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The Umbrella Organisation

The Umbrella Organisation

May the power of the brolly live on!

Travelling Light Platform Today, National Theatre
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rakspatel wrote in mycroft_brolly


Photo credit: http://thelexicinema.co.uk/2012/01/05/nt-live-travelling-light/

This is a very interesting production! If you read my blog, you will know that I love this production. To try and put the most positive spin on it, what I will say is that the reception for the production has been decidedly MIXED. It has even left a few of my contacts, who know their theatre, and are very educated and intelligent people, cold. However, I am sticking with my own assessment, which is that I love it!

Cut and pasted from the National Theatre website:

Nicholas Hytner and Nicholas Wright on Travelling Light
The director and the playwright discuss this new production with Sarah Hemming of The Financial Times.

To buy tickets, follow the link:
http://www.nationaltheatre.org.uk/68421/platforms/nicholas-hytner-and-nicholas-wright-on-emtravelling-lightem.html

Obviously, I am going, and I think that the talk will be of interest not just to those who want to learn more about the production, but also if you want to find out more about what life as part of the Jewish community in a shtetl was like, and also if you want to find out more about the early days of motion pictures (circa 1900).

Also, cut and pasted from the National Theatre website:

Travelling Light
A new play by Nicholas Wright, directed by Nick Hytner

Friday 17 February, 6pm

In a remote village in Eastern Europe, around 1900, the young Motl Mendl is entranced by the flickering silent images on his father’s cinematograph. Bankrolled by Jacob, the ebullient local timber merchant, and inspired by Anna, the girl sent to help him make moving pictures of their village, he stumbles on a revolutionary way of story-telling. Forty years on, Motl – now a famed American film director – looks back on his early life and confronts the cost of fulfilling his dreams.

Follow the link for full details on the production and to book tickets:
http://www.nationaltheatre.org.uk/68375/productions/travelling-light.html

My review of Travelling Light is here:
http://mycroft-brolly.livejournal.com/235565.html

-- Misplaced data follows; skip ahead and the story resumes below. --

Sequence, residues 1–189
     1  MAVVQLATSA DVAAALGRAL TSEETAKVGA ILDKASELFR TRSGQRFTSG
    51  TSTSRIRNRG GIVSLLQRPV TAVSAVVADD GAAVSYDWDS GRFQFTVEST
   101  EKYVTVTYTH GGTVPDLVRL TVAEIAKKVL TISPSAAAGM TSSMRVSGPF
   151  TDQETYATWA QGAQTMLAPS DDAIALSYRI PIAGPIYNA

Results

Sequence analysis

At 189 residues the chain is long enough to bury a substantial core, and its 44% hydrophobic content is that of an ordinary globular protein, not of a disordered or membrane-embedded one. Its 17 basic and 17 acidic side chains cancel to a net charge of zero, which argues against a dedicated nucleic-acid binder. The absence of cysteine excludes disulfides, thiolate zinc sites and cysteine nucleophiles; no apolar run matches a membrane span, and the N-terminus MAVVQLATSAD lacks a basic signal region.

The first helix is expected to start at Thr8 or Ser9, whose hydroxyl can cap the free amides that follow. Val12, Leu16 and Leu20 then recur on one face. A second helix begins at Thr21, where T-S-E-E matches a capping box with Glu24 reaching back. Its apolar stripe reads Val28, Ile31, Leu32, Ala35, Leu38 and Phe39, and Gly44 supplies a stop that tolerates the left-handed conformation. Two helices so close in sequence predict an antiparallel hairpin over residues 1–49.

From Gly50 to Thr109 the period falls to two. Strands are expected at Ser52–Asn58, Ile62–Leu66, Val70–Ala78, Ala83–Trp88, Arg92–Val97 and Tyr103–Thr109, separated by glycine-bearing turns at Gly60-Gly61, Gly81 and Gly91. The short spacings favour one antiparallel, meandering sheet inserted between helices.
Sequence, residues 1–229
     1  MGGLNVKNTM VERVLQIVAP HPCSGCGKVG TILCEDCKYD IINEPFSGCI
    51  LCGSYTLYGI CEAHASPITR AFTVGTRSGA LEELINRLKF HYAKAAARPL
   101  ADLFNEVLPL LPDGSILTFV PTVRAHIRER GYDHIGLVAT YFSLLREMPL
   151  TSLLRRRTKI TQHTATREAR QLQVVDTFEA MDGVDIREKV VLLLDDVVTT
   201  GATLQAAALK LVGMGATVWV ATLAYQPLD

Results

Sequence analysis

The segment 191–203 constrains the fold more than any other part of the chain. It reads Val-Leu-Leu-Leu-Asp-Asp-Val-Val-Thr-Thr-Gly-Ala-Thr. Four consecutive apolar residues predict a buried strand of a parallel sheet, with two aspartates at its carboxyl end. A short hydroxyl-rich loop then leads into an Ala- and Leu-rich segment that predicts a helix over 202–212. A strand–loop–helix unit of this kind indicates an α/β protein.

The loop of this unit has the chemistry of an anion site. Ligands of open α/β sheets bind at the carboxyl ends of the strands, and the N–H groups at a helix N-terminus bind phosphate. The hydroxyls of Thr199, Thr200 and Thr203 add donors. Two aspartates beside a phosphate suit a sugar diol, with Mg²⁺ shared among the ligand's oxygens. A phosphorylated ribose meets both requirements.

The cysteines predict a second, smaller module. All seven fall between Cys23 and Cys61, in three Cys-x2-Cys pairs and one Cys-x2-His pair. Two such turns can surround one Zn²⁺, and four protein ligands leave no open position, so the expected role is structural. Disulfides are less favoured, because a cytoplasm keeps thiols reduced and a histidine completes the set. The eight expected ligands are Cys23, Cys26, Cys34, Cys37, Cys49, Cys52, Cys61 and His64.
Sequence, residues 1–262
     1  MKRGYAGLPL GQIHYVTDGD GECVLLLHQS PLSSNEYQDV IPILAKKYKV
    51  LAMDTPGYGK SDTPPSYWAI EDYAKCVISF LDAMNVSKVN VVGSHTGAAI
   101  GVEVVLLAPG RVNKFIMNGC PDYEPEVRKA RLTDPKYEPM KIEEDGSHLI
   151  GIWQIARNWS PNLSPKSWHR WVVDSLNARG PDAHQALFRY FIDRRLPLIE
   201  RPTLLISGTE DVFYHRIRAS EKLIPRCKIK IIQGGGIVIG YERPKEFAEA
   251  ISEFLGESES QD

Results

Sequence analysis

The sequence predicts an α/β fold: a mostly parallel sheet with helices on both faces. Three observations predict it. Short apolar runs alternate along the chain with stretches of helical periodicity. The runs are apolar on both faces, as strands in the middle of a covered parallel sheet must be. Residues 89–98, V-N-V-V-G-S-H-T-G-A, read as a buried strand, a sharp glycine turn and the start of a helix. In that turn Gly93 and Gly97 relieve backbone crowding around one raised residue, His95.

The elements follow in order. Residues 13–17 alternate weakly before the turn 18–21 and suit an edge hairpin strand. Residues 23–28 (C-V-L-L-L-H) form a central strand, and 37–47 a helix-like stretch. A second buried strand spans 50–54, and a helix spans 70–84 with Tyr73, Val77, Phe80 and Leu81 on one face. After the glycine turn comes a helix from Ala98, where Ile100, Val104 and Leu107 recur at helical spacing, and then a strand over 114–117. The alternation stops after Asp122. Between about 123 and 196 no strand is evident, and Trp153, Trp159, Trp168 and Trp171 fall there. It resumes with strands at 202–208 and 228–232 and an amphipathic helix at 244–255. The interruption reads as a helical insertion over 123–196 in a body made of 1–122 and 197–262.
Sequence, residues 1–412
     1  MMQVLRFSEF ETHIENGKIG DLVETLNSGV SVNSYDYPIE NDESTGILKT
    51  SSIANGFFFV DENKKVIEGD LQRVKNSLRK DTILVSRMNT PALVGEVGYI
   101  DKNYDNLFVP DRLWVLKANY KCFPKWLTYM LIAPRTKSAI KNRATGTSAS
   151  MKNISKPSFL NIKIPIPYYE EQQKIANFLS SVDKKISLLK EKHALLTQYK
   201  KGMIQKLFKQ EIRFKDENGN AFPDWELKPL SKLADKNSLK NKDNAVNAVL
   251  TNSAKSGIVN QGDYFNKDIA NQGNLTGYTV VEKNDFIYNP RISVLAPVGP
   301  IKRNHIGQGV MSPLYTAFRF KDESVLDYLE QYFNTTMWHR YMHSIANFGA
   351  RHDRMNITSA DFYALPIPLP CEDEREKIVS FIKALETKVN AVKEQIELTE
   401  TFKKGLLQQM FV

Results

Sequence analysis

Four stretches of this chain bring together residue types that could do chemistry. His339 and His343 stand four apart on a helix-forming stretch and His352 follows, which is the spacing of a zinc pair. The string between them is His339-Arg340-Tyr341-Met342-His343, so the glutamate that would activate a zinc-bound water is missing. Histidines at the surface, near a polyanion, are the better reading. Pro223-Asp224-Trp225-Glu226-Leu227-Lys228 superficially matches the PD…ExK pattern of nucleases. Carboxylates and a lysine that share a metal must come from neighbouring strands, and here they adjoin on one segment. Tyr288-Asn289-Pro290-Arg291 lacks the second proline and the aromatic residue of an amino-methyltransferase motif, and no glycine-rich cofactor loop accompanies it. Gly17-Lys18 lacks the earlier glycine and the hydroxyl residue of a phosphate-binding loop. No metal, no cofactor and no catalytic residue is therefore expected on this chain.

Mark Gatiss, The Recruiting Officer, Donmar Warehouse
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rakspatel wrote in mycroft_brolly

Mark Gatiss as Captain Brazen in "The Recruiting Officer" by George Farquhar at the Donmar Warehouse
Photo credit: http://www.bloomberg.com/news/2012-02-17/-singin-in-the-rain-splashes-up-storm-of-dance-london-stage.html

I love this image!

The Recruiting Officer had its Press Night on 14 February 2012 (Valentines Day!). I am not seeing it until next week and I don't read reviews until I have seen a production and made my mind up for myself, but here are links to the key quality broadsheet reviews if you are interested:
http://www.telegraph.co.uk/culture/theatre/theatre-reviews/9082192/The-Recruiting-Officer-Donmar-Warehouse-review.html
http://www.guardian.co.uk/stage/2012/feb/15/the-recruiting-officer-review

For more information about the production and to book tickets follow the link:
http://www.donmarwarehouse.com/pl142.html

Cut and pasted from the Donmar Warehouse website:

The Recruiting Officer, by George Farquhar
9 February - 14 April 2012

It’s with the promise of money, glory and adventure that Captain Plume is recruiting the men of Shrewsbury for the King’s army. He’s also determined to make a conquest of Sylvia, but as she’s now an heiress she can afford to put him to the test. All the while, the scheming Melinda is toying with the affections of Captain Brazen and the gentleman Mr Worthy.

From military manoeuvring to sexual strategies, Farquhar’s triumphant The Recruiting Officer, written in 1706, is an unashamed celebration of love, lustiness and victory in battle and in the bedroom.
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Milk, starring Sean Penn, 2008
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rakspatel wrote in mycroft_brolly

Sean Penn as Harvey Milk
Photo credit: http://www.dailymail.co.uk/debate/article-1158042/PETER-HITCHENS-Just-loved-Ivan---Commons-didnt-stop-them.html

This film, for a multiplicity of reasons, should have been right up my street. But it was released in 2008 when, to put it mildly!, I was very ill. I was actually physically present at the preview screening of the film at the BFI as I really wanted to see the film. I was there in body, but not in spirit or in soul. I could not take in or process the film at the time due to my health issues.